Monuments in St Dunstan's Stepney

St Dunstan's Stepney, late 19th C.

St Dunstan’s Stepney is one of the most important medieval churches in London, and contains significant monuments of interest to these pages. Most of the church dates from the late 15th or early 16th Century, with the chancel being earlier (apparently mid-13th Century), and something of a restoration and a reworking of the exterior in the 19th Century, which saw the additions of the porches and the cladding of the exterior in Kentish ragstone.

Fishy little gargoyle.

What we see from the outside has a medieval feel to it: a 150 ft long, low church, really rather large for the times, with two aisles, a solid tower, all castellated on top, a range of broad Gothic windows, taller and narrower on the tower, and good details, including a few sculpted gargoyles, much weathered, but still rather engagingly horrible little beasts. The main entrance under the tower, reworked in presumably Victorian times, has crisp roundels showing a stylised ship and a grotesque figure, cloven footed and with pointed tail, clutching some instrument.

The church is surrounded by greenery, with various large table tombs dotted around. The one nearest to the south porch has distinctive cherub heads at each corner. The softness of the stone and the covering of moss make it not possible to readily read the inscription today, but this is the tomb of Captain Richard Mathew, 1663, and his daughter Elizabeth, wife of John Marsh, d.1695.

Tomb of Captain Richard Mathew, 1663.

Inside, the breadth and lowness are accentuated by the openness of the aisles and the dark wooden ceiling to the nave, not much higher than the aisles. The monuments we have come to see are between each window all the way along, on the lower walls, and in the chancel near the altar – the oldest part of the church.

The earliest carving, behind the altar and older than the oldest part of the church, is an Anglo Saxon crucifixion on a flat plaque, with two female saints below (presumably Mary and St John), and rosettes or whorls containing leaves all round. Saxon work is incredibly rare in London, and though crudely done, and having lost much to time and the weather (it hung outside previously), the piece exudes history and presence. It has been dated variously to between the 10th and the 12th century.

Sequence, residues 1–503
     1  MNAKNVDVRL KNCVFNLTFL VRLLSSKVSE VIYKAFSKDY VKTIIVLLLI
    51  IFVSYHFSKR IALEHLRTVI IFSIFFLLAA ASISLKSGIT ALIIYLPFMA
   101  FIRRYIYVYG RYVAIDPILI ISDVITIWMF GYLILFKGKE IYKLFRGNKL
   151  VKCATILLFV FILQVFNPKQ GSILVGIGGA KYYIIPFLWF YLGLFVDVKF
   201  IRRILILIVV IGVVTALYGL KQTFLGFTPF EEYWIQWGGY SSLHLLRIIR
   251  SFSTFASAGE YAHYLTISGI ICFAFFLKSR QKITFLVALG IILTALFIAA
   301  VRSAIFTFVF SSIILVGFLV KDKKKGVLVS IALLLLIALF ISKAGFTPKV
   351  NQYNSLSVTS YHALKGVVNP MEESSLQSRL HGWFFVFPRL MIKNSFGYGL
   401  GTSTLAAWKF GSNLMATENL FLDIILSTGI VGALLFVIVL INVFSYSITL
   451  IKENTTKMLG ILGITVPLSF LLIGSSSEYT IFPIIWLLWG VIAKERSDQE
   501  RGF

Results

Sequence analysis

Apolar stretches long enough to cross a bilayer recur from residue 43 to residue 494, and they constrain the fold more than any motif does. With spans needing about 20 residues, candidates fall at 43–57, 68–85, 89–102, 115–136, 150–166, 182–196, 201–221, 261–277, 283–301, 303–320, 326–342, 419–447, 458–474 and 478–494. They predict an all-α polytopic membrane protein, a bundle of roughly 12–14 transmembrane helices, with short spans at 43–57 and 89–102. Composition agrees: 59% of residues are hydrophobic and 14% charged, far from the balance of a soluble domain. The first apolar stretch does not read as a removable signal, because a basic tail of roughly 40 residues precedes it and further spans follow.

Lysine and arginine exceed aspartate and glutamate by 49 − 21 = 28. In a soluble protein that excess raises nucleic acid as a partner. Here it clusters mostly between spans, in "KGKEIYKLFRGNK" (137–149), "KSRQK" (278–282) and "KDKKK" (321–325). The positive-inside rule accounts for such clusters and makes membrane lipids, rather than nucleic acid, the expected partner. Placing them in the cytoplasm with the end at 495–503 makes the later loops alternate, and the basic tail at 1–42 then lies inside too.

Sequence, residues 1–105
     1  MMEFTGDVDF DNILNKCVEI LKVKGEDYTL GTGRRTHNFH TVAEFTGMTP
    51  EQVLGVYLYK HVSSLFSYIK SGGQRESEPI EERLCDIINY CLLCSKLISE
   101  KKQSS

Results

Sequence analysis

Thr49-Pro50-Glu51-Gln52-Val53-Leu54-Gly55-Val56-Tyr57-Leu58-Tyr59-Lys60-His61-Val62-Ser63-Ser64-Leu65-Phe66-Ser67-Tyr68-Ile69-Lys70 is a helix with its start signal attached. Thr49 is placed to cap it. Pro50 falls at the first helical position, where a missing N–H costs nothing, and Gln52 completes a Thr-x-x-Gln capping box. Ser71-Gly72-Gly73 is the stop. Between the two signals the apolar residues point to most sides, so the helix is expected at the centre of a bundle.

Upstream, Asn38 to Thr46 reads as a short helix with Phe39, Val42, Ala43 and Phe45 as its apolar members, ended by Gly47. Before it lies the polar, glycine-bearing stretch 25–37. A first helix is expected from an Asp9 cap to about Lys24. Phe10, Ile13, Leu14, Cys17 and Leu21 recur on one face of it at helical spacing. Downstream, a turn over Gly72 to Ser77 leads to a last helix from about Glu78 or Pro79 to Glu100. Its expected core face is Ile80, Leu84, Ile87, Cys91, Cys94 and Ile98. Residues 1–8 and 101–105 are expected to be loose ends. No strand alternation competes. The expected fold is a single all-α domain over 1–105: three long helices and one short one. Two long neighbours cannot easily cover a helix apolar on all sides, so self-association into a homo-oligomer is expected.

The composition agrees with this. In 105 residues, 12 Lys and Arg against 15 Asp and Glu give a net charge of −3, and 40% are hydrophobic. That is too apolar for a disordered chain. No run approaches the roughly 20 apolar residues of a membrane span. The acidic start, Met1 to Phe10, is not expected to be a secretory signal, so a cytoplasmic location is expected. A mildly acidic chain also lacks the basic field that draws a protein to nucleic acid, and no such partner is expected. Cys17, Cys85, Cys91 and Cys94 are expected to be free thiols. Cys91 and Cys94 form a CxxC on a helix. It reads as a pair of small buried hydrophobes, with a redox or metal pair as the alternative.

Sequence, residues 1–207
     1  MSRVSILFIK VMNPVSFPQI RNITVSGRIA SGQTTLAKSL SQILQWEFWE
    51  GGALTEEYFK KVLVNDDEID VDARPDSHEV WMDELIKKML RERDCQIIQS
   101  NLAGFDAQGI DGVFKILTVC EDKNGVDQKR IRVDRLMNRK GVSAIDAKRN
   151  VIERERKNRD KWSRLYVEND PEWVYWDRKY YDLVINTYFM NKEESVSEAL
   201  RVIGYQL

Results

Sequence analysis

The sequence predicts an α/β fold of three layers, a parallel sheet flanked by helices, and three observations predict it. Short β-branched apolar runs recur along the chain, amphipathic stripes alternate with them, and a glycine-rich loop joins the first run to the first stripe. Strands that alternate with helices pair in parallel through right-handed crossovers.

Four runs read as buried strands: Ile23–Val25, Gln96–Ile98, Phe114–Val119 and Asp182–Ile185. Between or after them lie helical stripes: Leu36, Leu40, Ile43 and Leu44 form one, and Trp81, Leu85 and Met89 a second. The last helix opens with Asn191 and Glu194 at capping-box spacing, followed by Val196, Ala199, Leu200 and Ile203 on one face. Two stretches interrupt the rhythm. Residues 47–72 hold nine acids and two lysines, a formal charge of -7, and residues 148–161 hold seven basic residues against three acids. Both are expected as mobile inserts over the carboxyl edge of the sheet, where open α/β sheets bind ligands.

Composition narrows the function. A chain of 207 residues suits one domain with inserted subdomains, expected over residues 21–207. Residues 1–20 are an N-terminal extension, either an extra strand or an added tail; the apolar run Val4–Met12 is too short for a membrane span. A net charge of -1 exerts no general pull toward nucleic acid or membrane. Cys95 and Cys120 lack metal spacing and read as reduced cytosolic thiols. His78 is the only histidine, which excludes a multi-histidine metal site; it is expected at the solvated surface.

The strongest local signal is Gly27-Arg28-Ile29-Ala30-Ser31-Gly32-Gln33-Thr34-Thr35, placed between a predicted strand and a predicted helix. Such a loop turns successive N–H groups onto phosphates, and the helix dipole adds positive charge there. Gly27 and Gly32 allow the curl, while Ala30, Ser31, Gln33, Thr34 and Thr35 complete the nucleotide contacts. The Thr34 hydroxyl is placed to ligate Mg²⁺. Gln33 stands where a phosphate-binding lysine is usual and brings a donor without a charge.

Saxon Crucifixion, and 14th C Annunciation (presumed).

To the left, above the little door in the sanctuary to the Vestry, is a sculpted fragment showing a female figure in a cowl, with a kneeling figure before her, supposedly and plausibly an Annunciation, under a cinquefoil Gothic arch. 14th Century, apparently, and believed to come from a reredos. Just outside the chancel, to the left, against the wall of the North aisle, is a heavy coffin with a cross, perhaps 13th Century, which would make it of similar date to the earliest part of the church, and to the right, one corbel to the arch has a recognisable monster, rather dragonish, rather good, of similar date. It is carved as a grotesque, with the head, front part of the body and outstretched foreleg naturalistic, a leafy wing, and the tail splitting into two leafy decorations; the breath or fire from the dragon’s mouth becomes further leafy designs. A corbel on the north side is less interesting, being a crudely cut face of some animal, which it is hard to take any view on.

Moving to the conventional monuments, we note them in roughly date order:

From the 16th Century:

Brasses such as that to the wife of John Brewster, 1596, are outside the scope of these pages. And we consider the monument to Sir Thomas Spert, d.1541, under the 18th Century, when it was erected.

From the 17th Century:

17th Century kneelers - Robert Clarke, monument erected by his wife Margaretta.

Also from the 17th Century, we note the Stone brought from Carthage, and inscribed in 1663, with a little ditty: ‘Of Carthage wall I was a Stone/Oh Mortals Read with pity./ Time Consumes all it Spareth none/ Man, Mountain, Town nor City./ Therefore Oh Mortals now bethink/ You, where unto us must,/ Since now such Stately Buildings/ Lie Buried in the dust. THOMAS HUGHES, 1663’

Late 17th C bust of John Berry; early 18th C cartouche to Nathaniel Owen and wives; Mary Leyborne monument with skull.

From the 18th Century:

The clutch of eight monuments from the 18th Century are almost all worthy, sculpturally speaking:

19th Century:

Benjamin Kenton memorial, by Sir Richard Westmacott RA.

In summary, an excellent church and well worth a visit.

A few minutes walk away, up the High Street and along Stepney Green, is an interesting pair of sculptured panels from the 1910s on a small clock tower - see this page.

Interior view, and tower of St Dunstan's Stepney.

With thanks to the church authorities for kindly agreeing to include pictures of the interior and monuments; their website is at this address.

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Monuments in some London Churches // Churches in the City of London // Introduction to church monuments

Angel statues // Cherub sculpture

London sculpture // Sculptors

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